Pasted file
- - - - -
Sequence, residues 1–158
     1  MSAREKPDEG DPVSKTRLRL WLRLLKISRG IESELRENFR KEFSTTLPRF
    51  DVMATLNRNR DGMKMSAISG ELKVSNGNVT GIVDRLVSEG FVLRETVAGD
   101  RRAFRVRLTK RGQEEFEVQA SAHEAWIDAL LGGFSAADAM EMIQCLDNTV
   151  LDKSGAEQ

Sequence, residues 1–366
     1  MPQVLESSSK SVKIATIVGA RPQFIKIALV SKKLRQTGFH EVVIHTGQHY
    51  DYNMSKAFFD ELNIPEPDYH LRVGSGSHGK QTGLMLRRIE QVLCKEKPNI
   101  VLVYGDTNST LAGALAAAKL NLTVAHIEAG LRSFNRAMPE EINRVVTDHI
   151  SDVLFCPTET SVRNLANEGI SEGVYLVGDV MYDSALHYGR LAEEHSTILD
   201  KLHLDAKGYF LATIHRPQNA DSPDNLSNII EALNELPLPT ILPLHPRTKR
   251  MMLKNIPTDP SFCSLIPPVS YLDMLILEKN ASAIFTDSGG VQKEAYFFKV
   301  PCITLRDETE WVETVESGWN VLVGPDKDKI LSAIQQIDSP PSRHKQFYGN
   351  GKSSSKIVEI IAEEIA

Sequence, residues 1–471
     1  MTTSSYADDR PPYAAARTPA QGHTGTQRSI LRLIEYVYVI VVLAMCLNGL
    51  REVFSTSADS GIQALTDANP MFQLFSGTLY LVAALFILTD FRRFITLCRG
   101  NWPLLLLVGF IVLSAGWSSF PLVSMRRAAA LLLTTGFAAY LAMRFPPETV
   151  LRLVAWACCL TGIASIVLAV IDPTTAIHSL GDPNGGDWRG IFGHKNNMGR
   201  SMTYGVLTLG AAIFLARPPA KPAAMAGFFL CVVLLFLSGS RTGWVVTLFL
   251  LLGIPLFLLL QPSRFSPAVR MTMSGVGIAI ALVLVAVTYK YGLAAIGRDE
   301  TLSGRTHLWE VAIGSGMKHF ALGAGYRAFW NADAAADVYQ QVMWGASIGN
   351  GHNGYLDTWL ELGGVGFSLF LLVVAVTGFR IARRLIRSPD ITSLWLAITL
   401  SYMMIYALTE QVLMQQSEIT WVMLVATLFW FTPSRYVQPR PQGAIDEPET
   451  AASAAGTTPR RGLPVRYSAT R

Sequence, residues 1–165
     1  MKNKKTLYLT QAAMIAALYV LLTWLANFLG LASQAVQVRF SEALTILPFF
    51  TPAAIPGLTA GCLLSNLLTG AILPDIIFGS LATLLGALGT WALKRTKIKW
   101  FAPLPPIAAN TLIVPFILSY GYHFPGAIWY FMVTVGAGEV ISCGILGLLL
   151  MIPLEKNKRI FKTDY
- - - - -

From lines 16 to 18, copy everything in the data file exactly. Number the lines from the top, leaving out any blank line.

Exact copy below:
     1  MTTSSYADDR PPYAAARTPA QGHTGTQRSI LRLIEYVYVI VVLAMCLNGL
    51  REVFSTSADS GIQALTDANP MFQLFSGTLY LVAALFILTD FRRFITLCRG
   101  NWPLLLLVGF IVLSAGWSSF PLVSMRRAAA LLLTTGFAAY LAMRFPPETV